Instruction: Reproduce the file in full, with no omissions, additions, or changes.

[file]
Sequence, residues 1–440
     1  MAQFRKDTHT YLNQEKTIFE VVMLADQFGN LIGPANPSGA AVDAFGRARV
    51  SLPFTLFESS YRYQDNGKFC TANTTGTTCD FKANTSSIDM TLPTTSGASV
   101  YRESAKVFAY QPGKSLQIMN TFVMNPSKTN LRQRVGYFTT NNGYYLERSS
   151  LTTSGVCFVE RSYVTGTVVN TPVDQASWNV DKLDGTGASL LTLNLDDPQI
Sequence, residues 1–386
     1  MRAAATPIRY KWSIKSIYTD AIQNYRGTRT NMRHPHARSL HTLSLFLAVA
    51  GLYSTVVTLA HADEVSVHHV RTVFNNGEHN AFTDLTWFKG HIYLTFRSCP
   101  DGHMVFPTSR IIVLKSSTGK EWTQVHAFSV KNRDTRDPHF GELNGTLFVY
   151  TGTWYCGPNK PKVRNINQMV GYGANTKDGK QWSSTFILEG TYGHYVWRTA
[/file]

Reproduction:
Sequence, residues 1–440
     1  MAQFRKDTHT YLNQEKTIFE VVMLADQFGN LIGPANPSGA AVDAFGRARV
    51  SLPFTLFESS YRYQDNGKFC TANTTGTTCD FKANTSSIDM TLPTTSGASV
   101  YRESAKVFAY QPGKSLQIMN TFVMNPSKTN LRQRVGYFTT NNGYYLERSS
   151  LTTSGVCFVE RSYVTGTVVN TPVDQASWNV DKLDGTGASL LTLNLDDPQI
Sequence, residues 1–386
     1  MRAAATPIRY KWSIKSIYTD AIQNYRGTRT NMRHPHARSL HTLSLFLAVA
    51  GLYSTVVTLA HADEVSVHHV RTVFNNGEHN AFTDLTWFKG HIYLTFRSCP
   101  DGHMVFPTSR IIVLKSSTGK EWTQVHAFSV KNRDTRDPHF GELNGTLFVY
   151  TGTWYCGPNK PKVRNINQMV GYGANTKDGK QWSSTFILEG TYGHYVWRTA